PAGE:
Human Mobility[edit]

Barabási laid foundational work in understanding individual human mobility patterns through a series of influential papers. In his 2008 Nature publication,[32] Barabási utilized anonymized mobile phone data to analyze human mobility, challenging the existing random walk models. He discovered that human movements exhibit a high degree of regularity in time and space, with individuals showing consistent travel distances and a tendency to return to frequently visited locations. In a subsequent 2010 Science paper,[33] Barabási explored the predictability of human dynamics by analyzing mobile phone user trajectories. Contrary to expectations, he found a high predictability of 93% in human movements across all users, with individual predictability rarely dropping below 80%. He then introduced two principles underlying human trajectories, leading to the development of a microscopic model for individual mobility.[34] This model, consistent with observed empirical scaling laws, provided analytical insights into key mobility pattern features. Remarkably, a decade before the COVID-19 pandemic, Barabási was able to predict the spreading patterns of a virus transmitted through direct contact.[35]

Network Control[edit]

His work on network controllability and observability asked the fundamental question of how large networks control themselves. To answer this, he was the first to bring the tools of control theory to network science. His first work proposed a method to identify the nodes through which one can control a complex network, just like a car is controlled through three control points, the steering wheel, gas pedal and brake. He proposed the formalism of network controllability by mapping the control problem, widely studied in physics and engineering since Maxwell, into graph matching, a graph theoretic problem, merging statistical mechanics and control theory.[36] The exact mapping allowed him to develop tools to identify the system's control nodes. He used network control to predict the function of individual neurons in the Caenorhabditis elegans connectome, leading to the discovery of new neurons involved in the control of locomotion, and offering direct falsifiable experimental confirmation of network control principles.[37]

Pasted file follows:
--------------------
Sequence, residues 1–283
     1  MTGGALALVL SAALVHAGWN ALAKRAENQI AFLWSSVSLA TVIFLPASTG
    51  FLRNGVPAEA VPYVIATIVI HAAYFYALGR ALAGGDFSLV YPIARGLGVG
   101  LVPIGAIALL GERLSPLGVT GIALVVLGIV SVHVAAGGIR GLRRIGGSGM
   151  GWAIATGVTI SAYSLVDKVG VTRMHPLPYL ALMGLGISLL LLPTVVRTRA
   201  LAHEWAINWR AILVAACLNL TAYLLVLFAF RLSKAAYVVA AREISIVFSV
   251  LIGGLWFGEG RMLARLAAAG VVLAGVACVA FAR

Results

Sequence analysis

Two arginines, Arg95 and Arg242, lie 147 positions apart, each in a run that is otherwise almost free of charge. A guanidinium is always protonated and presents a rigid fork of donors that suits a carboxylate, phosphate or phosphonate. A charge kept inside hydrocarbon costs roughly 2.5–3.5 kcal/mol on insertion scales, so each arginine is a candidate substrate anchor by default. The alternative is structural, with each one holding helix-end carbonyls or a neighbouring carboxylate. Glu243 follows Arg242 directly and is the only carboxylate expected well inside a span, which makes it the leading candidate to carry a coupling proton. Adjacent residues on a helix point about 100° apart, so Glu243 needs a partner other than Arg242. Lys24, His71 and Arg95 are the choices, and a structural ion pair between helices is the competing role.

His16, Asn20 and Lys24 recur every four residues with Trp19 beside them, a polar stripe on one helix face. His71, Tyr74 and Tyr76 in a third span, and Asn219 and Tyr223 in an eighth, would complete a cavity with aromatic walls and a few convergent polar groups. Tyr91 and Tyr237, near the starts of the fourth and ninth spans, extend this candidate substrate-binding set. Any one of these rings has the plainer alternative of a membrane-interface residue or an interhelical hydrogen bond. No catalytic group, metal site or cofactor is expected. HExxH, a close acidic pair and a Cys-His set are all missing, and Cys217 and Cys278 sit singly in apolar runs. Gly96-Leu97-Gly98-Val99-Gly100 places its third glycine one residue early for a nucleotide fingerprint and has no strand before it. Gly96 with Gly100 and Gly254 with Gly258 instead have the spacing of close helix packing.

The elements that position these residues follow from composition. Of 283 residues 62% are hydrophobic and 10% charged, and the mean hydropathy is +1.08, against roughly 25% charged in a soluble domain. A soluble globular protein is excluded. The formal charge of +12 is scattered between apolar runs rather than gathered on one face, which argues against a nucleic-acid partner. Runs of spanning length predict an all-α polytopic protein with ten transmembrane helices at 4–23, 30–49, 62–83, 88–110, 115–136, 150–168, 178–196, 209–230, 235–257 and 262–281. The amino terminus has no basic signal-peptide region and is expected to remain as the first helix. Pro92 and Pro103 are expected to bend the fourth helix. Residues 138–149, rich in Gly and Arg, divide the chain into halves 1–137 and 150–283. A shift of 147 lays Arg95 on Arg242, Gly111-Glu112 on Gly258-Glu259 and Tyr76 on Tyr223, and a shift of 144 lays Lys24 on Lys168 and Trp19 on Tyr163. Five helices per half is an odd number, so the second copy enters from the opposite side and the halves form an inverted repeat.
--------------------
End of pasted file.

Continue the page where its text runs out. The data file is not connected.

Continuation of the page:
In 2014, Lior Pachter and his student Nicolas Bray published a three-part analysis of what they deemed questionable papers in computational biology, including some of Barabási's work. They argued that Barabási has an undeserved reputation for brilliance, because Barabási publicizes his work far more intensely than his critics disseminate their refutations. Pachter and Bray provide a small list of examples, in which Barabási's work was subsequently analyzed to be trivially refutable after publication.[38]

Outside computational biology, critiques have identified various flaws in the methodology of Barabási's articles on the scale-freeness of the Web,[39][40] the ubiquity of power-laws in general,[41] and the ubiquity of scale-free networks more specifically,[42] his theories on network control[43] and the dynamics of human activities.[44][45] Barabási has also been particularly criticised for failing to acknowledge the contribution of Derek de Solla Price to the scale-free network concept, whose model of citation networks predated the BA model.[46] The BA model is an undirected version of the Price model, although many properties of the two models do not depend on the directedness of edges.[47]


Barabási was the recipient of the 2023 Julius Edgar Lilienfeld Prize, the top prize of the American Physical Society,[48] "for pioneering work on the statistical physics of networks that transformed the study of complex systems, and for lasting contributions in communicating the significance of this rapidly developing field to a broad range of audiences."

In 2021 Barabási received the EPS Statistical and Nonlinear Physics Prize, for "his pioneering contributions to the development of complex network science, in particular for his seminal work on scale-free networks, the preferential attachment model, error and attack tolerance in complex networks, controllability of complex networks, the physics of social ties, communities, and human mobility patterns, genetic, metabolic, and biochemical networks, as well as applications in network biology and network medicine."